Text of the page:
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Shield for bureaucrats: SC fixes tenure, bans oral orders from politicians

Postby webmaster » Fri Nov 01, 2013 8:40 am

NEW DELHI: The Supreme Court on Thursday gave honest bureaucrats a Diwali gift they will treasure. The court ruled that officials must enjoy security of fixed tenures and also record any oral orders issued by political bosses on file so that culpability for executive action is clearly established.

The court said written directions are of utmost importance if oral orders are subjected to the rigorous test of the Right to Information (RTI) Act as verbal directions defeat the object of the transparency law and give rise to favouritism and corruption.

While making file notings of oral orders would deter ministers and other political bosses from issuing illegal or flawed decisions, the ruling on a 'minimum assured tenure' in postings can go a long way in removing the Damocles' sword of transfers that hangs over bureaucrats, making them vulnerable to pulls and pressures.

These two important directions -- banning oral instructions and setting out fixed tenure - must be implemented by all governments, central and states, within three months, ordered a bench of Justices K S Radhakrishan and Pinaki Chandra Ghosh.

These recommendations were also contained in the prescriptions of several government appointed committees and successive Administrative Reforms Committee but were consistently ignored by the governments. Frustrated by government inaction, former cabinet secretary T S R Subramanian and other eminent persons had moved the Supreme Court by means of public interest litigation (PIL).

The bench understood the pent up frustration among bureaucrats for having to constantly watch the mood of political and administrative superiors, who in India are wont to give oral instructions and share no responsibility for the action taken on the basis of these instructions. "In the present political scenario, the role of the civil servants has become very complex and onerous," it said.

The bench said: "Civil servants cannot function on the basis of verbal or oral instructions, orders, suggestions, proposals etc. and they must be protected against wrongful and arbitrary pressure exerted by administrative superiors, political executive, business and other vested interests."

If the instructions did not come in writing from superiors, the concerned bureaucrat who acts on such orders must put it down in writing on the files to show that the decision was not his. This would save him from the risk of getting hounded later for it, the bench said.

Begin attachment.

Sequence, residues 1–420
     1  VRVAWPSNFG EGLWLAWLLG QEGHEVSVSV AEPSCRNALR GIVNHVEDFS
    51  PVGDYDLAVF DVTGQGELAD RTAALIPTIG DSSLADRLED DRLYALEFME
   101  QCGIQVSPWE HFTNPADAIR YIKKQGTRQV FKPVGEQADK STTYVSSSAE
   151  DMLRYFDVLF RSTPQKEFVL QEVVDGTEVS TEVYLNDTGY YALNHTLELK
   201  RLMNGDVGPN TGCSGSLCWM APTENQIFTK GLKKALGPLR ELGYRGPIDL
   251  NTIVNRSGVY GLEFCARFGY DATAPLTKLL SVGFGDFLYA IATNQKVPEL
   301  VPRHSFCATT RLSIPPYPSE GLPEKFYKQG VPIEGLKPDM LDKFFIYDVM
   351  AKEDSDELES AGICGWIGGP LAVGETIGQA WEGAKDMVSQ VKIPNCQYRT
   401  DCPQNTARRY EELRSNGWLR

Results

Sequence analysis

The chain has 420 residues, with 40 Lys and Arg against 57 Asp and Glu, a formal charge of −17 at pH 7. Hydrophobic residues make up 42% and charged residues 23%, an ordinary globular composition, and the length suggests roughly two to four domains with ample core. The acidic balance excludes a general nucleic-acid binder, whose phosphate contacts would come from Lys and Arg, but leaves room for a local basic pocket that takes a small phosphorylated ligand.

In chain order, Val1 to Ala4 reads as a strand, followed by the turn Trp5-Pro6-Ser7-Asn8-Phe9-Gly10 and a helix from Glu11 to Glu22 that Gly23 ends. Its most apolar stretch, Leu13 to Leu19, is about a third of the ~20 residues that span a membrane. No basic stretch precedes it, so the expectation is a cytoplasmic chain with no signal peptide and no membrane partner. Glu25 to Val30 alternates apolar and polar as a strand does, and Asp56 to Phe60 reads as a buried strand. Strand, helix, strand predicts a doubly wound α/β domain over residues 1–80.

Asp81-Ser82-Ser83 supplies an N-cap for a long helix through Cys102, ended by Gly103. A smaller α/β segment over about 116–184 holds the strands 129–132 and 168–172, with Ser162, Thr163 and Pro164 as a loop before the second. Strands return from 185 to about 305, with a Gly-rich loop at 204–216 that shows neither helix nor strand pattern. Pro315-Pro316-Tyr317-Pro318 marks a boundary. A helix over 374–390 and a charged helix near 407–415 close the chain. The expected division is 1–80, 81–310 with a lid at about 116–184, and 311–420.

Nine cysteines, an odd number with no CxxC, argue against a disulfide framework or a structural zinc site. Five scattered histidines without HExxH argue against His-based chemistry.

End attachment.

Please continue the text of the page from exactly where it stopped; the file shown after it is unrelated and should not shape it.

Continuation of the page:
"Recording of instructions, directions is, therefore, necessary for fixing responsibility and ensure accountability in the functioning of civil servants and to uphold institutional integrity," said Justice Radhakrishnan, who authored the 47-page judgment and accepted most of the suggestions put forth by petitioners through advocate Menaka Guruswamy.

The court was alive to exigencies where bureaucrats might have to take oral instructions from superiors, like in controlling law and order situations or meeting challenges posed by grave natural calamities.

It said: "Where in exceptional circumstances, action has to be taken on the basis of oral directions, it is mandatory for the officer superior to confirm the same in writing. The civil servant, in turn, who has received such information, is required to seek confirmation of the directions in writing as early as possible and it is the duty of the officer superior to confirm the direction in writing."

The court also saw merit in recording oral instructions from the angle of the Right to Information Act. "By acting on oral directions, not recording the same, the right guaranteed to the citizens under the RTI Act, could be defeated. The practice of giving oral directions/instructions by administrative superiors, political executives etc would defeat the object and purpose of RTI Act and would give room for favouritism and corruption," it said.

The court, however, said it could not issue a positive direction to the Centre and the states to constitute an independent Civil Services Board (CSB) comprising persons from outside the government.

"CSB, consisting of high ranking in-service officers who are experts in their respective fields, the Cabinet Secretary at the Centre and the Chief Secretary at the State level, could be a better alternative (till Parliament enacts a law), to guide and advise the state government on all service matters, especially on transfers, postings and disciplinary action etc," it said.

The bench said the political executive could overrule the CSB's views and suggestions but only after recording reasons in writing, which it said would ensure good governance, transparency and accountability in governmental functions.

"We therefore, direct the Centre, State governments and the Union territories to constitute such Boards with high ranking serving officers, who are specialists in their respective fields, within a period of three months, if not already constituted, till Parliament brings in a proper legislation in setting up CSB," it said. ... 014621.cms
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